Nigeria’s Scattered Flock: Manasa Family

By Nathan Johnson
Nigerian bush

“Israel is a hunted sheep driven away by lions. First the king of Assyria devoured him, and now at last Nebuchadnezzar king of Babylon has gnawed his bones” Jeremiah 50:17

The continuous and relentless attacks led by Boko Haram and Fulani militants have pushed Christians in Nigeria’s Middle Belt region to the brink. Responsible for hundreds of attacks and deaths every year, these groups rob entire towns of their voice and livelihood. Unwilling to be silenced, survivors share their testimonies.

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10/04/2019 Washington D.C. (International Christian Concern)Boko Haram menacingly roams northeastern Nigeria in search of those who fail to follow their strict moral code. This is especially true in Borno State, Nigeria, the birthplace of the group dedicated to the destruction of all that does not adhere to radical Islam.

Even as a young girl, Briska watched as the violence raged around her. While living in Gwoza with her siblings and mother, Boko Haram patrolled the streets, looking for specific individuals. Briska’s father was on their list.

At this time, her father, an employee of the church, was travelling for school. Three terrorists came to Briska’s home, demanding to know his whereabouts. Praying that they would be spared, her mother told them he was away for school.

“The following day they returned and killed three of my husband’s co-workers,” recounted Rifkatu, Briska’s mother. “I was frightened by that and fled to Maiduguri.” Suddenly, the birthplace of one of the most violent terrorist groups appeared safer than their home. And so began the first of many forced relocations.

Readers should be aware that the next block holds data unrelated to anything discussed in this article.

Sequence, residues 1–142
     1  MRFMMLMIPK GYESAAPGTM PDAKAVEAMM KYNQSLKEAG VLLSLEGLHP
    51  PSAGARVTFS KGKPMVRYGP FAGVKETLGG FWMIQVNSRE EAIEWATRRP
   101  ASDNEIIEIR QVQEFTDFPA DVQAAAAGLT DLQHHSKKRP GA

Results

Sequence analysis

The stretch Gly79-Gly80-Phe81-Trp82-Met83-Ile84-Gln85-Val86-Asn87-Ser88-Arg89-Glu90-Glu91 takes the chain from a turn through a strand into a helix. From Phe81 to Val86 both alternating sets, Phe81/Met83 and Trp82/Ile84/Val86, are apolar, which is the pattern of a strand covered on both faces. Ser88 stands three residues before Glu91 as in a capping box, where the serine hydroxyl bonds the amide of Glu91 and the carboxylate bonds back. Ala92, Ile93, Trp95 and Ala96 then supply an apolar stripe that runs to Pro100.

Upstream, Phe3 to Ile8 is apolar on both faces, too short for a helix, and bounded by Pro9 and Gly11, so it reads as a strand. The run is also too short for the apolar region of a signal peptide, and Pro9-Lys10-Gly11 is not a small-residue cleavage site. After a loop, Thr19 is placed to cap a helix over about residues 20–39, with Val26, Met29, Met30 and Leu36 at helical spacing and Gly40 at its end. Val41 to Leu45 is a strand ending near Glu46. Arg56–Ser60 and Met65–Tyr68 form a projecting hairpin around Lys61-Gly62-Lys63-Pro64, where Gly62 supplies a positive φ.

While enrolled in a military-run school in Borno State’s capital city, Briska experienced the unfortunate might of Boko Haram at a mere seven years old. The insurgent group began an onslaught against the Maiduguri school. Local soldiers defended the building and its occupants and, by God’s grace, Briska and many others escaped. With Briska safe from the attack and her father finished his training, the family returned to Gwoza together.

However, the tumultuous security situation had worsened in their absence. Radicals relentlessly moved from house to house, methodically assaulting individuals.

The family’s homecoming was short-lived. Rifkatu commented, “I stayed for about six months, but life became unbearable so I left to Adamawa.” After only two months in a remote village of Adamawa, radicals found them and chased them away again. This time, they moved to Yola, the capital city of Adamawa. City by city, Briska and her family have sought safety, never finding rest.

Not much later, the community provided transportation for the family to move to Jos. Briska and her family have lived in Jos as internally displaced persons (IDPs) since 2015. Her father stayed with them briefly but, at the urging of Rifkatu, left to complete his final stage of schooling.

Since moving to Jos, Briska and her four siblings have received educational support from International Christian Concern to attend a local private Christian school. Briska is currently enrolled in Primary 5 and sees a bright future for herself. One day, she desires to become a nurse and is working diligently towards her goal.

The family continues to struggle to provide for themselves with their modest income. Despite this, Briska and her family have remained safe for the past four years. Though scattered from their home in Gwoza, they no longer struggle with a daily fear of their enemies.

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